What we are doing is getting the source rpm of each Red Hat Enterprise package from a publicly available area. Each of these packages, except for a few, have the GPL license. This license states that we can freely distribute that package. We are recompiling those packages without any change. Hence, we can freely distribute those rpms that were built....And although these rpms are basically identical to Red Hat's Enterprise Linux, they were built by us and are freely distributable. We can do with them what we want....
Although it is basically identical to Red Hat Enterprise Linux, it is, in essence, a completely different release, just with the same programs, packaged the same way.
Fermilab supports its own users and directs others toward Scientific Linux, which was codeveloped by Fermilab, CERN and other laboratories and universities. Troy Dawson is the primary contact for both Fermi Linux and Scientific Linux. On his own site, he explains, "Fermilab uses what is called Fermi Linux. It is now based on Scientific Linux. It is actually a site modification, so technically it is Scientific Linux Fermi. But we call all of the releases we have made Fermi Linux.”"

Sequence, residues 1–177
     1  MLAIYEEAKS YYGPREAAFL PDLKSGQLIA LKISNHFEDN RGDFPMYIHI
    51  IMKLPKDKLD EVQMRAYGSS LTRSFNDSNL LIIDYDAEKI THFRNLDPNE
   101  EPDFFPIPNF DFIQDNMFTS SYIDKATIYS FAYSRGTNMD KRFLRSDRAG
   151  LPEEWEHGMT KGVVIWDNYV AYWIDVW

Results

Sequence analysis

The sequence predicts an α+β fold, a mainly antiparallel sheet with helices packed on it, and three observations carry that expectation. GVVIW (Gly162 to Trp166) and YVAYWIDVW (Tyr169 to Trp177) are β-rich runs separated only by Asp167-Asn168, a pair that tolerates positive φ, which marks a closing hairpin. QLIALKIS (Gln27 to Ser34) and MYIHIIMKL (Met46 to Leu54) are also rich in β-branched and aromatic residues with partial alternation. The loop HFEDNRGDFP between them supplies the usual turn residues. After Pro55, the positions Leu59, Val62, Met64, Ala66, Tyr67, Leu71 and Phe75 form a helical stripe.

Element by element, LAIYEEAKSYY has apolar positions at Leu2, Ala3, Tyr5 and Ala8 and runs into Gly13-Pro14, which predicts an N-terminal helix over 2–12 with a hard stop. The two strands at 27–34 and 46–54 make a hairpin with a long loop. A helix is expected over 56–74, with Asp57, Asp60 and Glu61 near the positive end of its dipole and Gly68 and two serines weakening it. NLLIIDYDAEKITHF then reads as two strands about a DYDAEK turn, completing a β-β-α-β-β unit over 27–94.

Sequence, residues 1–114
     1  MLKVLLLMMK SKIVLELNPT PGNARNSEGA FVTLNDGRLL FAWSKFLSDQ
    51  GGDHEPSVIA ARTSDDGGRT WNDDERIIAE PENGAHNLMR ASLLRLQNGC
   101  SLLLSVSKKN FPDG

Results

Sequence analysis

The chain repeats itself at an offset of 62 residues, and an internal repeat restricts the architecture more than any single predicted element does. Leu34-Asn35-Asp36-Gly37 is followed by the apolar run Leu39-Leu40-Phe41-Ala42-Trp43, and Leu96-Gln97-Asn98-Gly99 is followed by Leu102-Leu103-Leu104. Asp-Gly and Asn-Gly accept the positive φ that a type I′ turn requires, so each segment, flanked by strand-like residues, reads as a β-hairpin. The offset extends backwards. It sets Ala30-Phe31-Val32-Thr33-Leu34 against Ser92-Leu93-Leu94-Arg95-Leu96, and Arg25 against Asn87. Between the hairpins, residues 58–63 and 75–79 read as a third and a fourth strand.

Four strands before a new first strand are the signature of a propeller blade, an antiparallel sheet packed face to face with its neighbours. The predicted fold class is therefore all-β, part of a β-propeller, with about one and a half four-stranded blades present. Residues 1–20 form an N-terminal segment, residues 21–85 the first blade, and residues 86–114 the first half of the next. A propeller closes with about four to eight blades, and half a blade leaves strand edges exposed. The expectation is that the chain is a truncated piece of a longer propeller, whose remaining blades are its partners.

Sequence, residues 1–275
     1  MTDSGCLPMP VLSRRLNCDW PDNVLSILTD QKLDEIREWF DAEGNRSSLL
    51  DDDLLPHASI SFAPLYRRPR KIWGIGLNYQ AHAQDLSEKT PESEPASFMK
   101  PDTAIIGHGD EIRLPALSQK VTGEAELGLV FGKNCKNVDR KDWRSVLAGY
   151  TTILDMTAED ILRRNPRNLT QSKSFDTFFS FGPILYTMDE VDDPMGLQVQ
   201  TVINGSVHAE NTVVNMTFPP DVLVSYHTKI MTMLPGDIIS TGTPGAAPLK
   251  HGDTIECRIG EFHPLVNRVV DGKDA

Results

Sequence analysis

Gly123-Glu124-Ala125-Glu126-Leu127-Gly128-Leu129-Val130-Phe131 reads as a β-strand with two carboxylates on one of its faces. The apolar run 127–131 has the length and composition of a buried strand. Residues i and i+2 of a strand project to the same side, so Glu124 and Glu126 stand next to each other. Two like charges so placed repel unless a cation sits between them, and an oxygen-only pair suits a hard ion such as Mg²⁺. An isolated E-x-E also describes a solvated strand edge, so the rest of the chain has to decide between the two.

While Fermi Linux's version history starts with 5.0x in 1998, Scientific Linux's history starts with 3.0.1 in 2004. Both sites' current distribution version pages have near-identical tables of releases, dates and notes. The latest version for both is 5.x.